When a user logs in, the system creates a “users” file space. From the users profile, a series of login policies can be called. The login polices contain logic that determine the structure of the user's file space. For instance, the login polices can create the users directories and populate them with files. As shown in FIG. 11, the user accesses the server and the user is authenticated. If the user is not authenticated, the session is closed. If the user is authenticated, a login event is generated. Next, the policy engine executes any relevant policies contained in the users profile. A user file system is then created and exposed to direct the system to the NFS or the CIFS.

For every file in the NjVFS, a core set of meta-data, fields and information exists, e.g., file name, who the file belongs to, where the file was created and when the file was last modified. A store identifier ensures a file is sent to one SML against another. For example, a policy can be set to recognize “*.doc.” By setting the store identifier to 2, as opposed to the default 1, it is possible to differentiate the storage used to support the data for that type of file.

FIG. 12 shows how the system implements retention policies. When a delete event is initiated, the policy engine selects the policies. Next, the system checks to verify whether the file meta-data matches the filter for each of the data. If it matches, the policy is evaluated and the system returns a permit or deny command.

A Secure Hash Algorithm (SHA)1 hash key is a unique 160-bit number for a file. When a file transits a NjVFS, the SHA1 helper calculates the SHA1 hash key for the file. For policies such as “file modify,” when an attempt is made to create a file, the SHA1 helper will calculate the SHA1 hash key and then search to determine if another file exists with an identical key. If another file exists with the same SHA1 hash key, instead of creating a separate copy of data, a ghost file is created in the NjVFS. The system is able to combine small atomic modifications to the file into larger modifications for the purposes of checksum calculation. In this way, file system performance is not adversely degraded. Data is thus de-duplicated.

The de-duplication policy is further outlined in FIG. 13. In the de-duplication process, the user creates an event and the system verifies whether the file is a Microsoft OLE file. If the file is a Microsoft file, the system runs Microsoft Helper and a partial SHA1 Checksum is executed. If the file is not a Microsoft file, SHA1 Whole File Helper runs and SHA1 Checksum is executed. Next, the system checks whether the Checksum is indexed with the meta-data. If it is, a ghost file is generated. If not, the system generates a real file. Then, system returns a permit command.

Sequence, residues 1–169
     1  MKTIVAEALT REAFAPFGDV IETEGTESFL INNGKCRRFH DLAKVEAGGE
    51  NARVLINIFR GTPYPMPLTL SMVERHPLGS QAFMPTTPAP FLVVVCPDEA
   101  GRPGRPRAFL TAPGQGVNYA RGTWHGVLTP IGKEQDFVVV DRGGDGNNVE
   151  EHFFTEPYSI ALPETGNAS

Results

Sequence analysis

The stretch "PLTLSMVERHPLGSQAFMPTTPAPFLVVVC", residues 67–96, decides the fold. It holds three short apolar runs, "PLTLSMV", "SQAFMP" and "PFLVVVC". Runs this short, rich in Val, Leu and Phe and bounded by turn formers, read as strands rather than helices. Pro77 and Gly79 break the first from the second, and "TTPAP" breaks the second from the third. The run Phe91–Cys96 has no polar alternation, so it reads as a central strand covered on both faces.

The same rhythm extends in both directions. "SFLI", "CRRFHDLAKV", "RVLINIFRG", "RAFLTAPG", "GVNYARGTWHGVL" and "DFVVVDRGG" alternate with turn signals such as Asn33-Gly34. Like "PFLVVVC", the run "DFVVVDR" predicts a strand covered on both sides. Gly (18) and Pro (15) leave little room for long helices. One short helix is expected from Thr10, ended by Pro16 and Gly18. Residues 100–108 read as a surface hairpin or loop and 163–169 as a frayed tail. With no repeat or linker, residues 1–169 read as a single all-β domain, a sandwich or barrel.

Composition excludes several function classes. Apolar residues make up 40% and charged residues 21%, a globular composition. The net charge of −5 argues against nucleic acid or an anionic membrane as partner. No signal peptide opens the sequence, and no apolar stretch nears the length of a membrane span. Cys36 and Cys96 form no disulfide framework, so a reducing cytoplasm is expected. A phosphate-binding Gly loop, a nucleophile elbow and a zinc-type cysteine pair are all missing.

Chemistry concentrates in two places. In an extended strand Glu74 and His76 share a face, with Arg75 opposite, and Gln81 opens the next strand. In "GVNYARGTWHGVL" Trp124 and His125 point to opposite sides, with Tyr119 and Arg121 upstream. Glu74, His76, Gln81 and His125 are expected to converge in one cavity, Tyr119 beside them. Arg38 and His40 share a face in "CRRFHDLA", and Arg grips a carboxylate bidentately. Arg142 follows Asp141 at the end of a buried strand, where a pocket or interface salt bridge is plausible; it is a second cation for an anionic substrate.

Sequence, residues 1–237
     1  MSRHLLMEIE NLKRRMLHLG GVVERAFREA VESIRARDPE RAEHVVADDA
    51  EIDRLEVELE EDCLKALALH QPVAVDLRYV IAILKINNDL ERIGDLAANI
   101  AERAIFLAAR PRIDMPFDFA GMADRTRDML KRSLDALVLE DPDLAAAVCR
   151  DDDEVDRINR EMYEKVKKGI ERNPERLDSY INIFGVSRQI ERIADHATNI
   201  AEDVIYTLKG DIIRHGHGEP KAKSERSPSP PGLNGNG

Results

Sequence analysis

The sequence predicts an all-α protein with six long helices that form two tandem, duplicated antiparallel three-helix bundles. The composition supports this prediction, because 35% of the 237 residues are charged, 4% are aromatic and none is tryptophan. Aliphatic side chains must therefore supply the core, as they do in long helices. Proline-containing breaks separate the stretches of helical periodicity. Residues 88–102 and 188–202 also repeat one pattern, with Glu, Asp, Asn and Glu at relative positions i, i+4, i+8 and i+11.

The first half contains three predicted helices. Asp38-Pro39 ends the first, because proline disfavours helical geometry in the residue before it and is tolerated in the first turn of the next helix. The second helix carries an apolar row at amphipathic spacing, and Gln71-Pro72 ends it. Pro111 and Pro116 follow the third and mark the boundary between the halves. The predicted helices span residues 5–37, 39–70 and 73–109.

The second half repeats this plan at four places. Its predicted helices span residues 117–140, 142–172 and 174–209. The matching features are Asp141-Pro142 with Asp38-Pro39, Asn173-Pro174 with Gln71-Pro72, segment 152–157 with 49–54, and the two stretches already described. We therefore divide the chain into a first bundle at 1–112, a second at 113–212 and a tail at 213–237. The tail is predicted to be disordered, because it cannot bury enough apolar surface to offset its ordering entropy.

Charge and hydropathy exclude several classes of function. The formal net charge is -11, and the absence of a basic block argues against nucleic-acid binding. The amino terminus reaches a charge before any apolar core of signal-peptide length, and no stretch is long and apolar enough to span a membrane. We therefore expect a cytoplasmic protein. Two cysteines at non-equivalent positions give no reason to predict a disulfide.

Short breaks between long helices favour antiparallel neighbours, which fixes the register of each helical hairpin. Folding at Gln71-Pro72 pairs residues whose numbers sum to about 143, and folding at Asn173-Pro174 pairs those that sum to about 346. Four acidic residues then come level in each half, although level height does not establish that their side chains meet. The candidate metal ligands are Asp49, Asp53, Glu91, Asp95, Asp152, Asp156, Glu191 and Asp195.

As illustrated in FIG. 14, the system can modify and de-duplicate files. First, the user sets up a modify event. The system checks whether the file is a Microsoft file as discussed above with respect to FIG. 13. After the system checks whether the checksum is indexed, it verifies whether the file is a ghost file. If the file is indexed and is a ghost file, the system is directed to the NOP. If the file is indexed but not a ghost file, the system makes it a ghost file. The indexed file is then returned with a permit command. If the file is not indexed but is a ghost file, the system makes it a real file. If the file is not indexed and not a ghost file, the system is directed to the NOP. The file is then returned with a permit command.

The stored data can be accessed without having to use the system. However, the format of stored files on the NjVFS is in a semi-human readable form. Accordingly, a utility has been created to convert the data from a NjVFS format to what a user readable form.

In large, complex corporate environments, the present invention enables more control to be asserted over the management of file systems and data. It brings ease of use, improved resilience, better administration functionality, integrated security benefits, true scalability of data and enabled collaboration between departments, projects and users.

The present invention resolves much of the complexity and problems inherent with data management. The fact that the user can be presented with an environment similar to what they are familiar reduces complexity in both ease-of-use as well as administration.

The present invention may be embodied in other specific forms without departing from its spirit or essential characteristics. The described embodiments are to be considered in all respects only as illustrative and not restrictive. The scope of the invention is, therefore, indicated by the appended claims rather than by the foregoing description. All changes which come within the meaning and range of equivalency of the claims are to be embraced within their scope.

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Classifications
U.S. Classification1/1, 707/E17.01, 707/999.205
International ClassificationG06F17/30
Cooperative ClassificationG06F17/30067
European ClassificationG06F17/30F